Mandate for basic education funding unmet, promised changes delayed, ruling says
SEATTLE – The Washington Supreme Court ruled Thursday that the state isn’t meeting its constitutional obligation to amply pay for basic public education, but the justices gave an endorsement to the reform work the Legislature has already started.
The 85-page opinion said that the judiciary would keep an eye on lawmakers to make sure they fully implement education reforms by 2018.
“The court cannot idly stand by as the Legislature makes unfulfilled promises for reform,” Justice Debra Stephens wrote in the majority opinion. She notes that deadlines for reforms keep getting moved back, and if left up to the Legislature the court expects the delays would continue.
Lawmakers, who convene next week for a 60-day session, will also need to focus on what to do about a nearly billion-dollar budget shortfall.
The Supreme Court made a point of saying any future cuts to education must be done for educational reasons, not because there is a fiscal crisis.
Attorney Thomas Ahearne represented the coalition of school districts, parents, teachers and community groups – including Spokane Public Schools and the Spokane Education Association – that sued the state. He said the court made it clear the Legislature has to pay for education first, before any other state program or financial obligation.
“Educators feel affirmed,” Spokane Public Schools Superintendent Nancy Stowell said Thursday. “We’ve been saying for a long time that the state is not fulfilling its obligation to fund basic education.”
State Superintendent of Public Instruction Randy Dorn said, “The ruling confirms what I have been saying for many years: education funding has not been adequate, and further cuts are out of the question.”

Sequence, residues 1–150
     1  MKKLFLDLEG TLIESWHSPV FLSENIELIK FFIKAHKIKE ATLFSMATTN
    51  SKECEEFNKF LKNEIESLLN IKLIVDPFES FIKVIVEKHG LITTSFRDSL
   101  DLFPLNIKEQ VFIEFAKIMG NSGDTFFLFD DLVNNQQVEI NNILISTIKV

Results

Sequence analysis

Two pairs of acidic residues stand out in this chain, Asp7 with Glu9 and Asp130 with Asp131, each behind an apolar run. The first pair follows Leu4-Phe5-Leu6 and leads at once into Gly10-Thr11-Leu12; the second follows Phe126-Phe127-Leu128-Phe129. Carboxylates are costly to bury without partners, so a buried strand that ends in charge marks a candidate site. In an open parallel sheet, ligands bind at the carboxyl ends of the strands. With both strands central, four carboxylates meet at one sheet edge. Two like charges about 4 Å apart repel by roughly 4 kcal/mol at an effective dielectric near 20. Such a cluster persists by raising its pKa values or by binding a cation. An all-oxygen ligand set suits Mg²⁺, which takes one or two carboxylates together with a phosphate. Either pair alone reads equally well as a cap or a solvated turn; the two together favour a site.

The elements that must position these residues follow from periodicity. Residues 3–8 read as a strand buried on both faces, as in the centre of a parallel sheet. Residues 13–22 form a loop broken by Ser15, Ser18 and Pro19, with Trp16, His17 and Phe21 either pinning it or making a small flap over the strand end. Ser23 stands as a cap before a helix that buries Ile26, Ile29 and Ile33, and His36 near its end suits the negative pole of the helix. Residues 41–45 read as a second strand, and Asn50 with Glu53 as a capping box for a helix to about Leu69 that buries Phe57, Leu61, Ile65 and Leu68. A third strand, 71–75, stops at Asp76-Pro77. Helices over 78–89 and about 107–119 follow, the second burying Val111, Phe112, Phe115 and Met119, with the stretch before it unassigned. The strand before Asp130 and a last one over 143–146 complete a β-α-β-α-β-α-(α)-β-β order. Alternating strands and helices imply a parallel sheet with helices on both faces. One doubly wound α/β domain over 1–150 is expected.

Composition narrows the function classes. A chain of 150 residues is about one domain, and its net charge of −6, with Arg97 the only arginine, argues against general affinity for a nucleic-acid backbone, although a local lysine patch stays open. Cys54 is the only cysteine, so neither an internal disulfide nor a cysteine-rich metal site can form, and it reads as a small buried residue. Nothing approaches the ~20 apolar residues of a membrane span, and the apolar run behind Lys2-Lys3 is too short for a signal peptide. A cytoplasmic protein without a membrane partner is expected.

But further cuts are scheduled in the supplemental budget Gov. Chris Gregoire has sent to the Legislature. She disagreed with Dorn that her proposed cut in levy equalization money would run afoul of the high court’s ruling.
“The Legislature has never defined levy equalization as basic education,” she said. Districts decide how to spend that money, however, and “they may be using it for what we consider basic education.”
She acknowledged that another proposal of hers, to cut the school year by four days, does amount to a cut in basic education.
To cover her proposed cuts to levy equalization money and the school year, Gregoire wants the Legislature to pass and send to voters a three-year, half-cent sales tax increase.
Legislative leaders said they weren’t sold on that tax proposal yet. Although Democrats said they thought more tax revenues would be needed, Republicans said they wanted government reforms first.
House Minority Leader Richard DeBolt, R-Chehalis, said the Legislature should stop using key education programs as a “political football” and write the budget by paying for everything that’s in basic education, then dividing what money is left over among other state services and programs.
But Senate Majority Leader Lisa Brown, D-Spokane, said the state can’t just focus on basic education and ignore health, public safety and poverty issues. Without those programs, some children “are not going to get a good education.”
The court’s ruling could ramp up debates over the budget, which already has a gap of about $1.5 billion between projected revenues and scheduled expenses.
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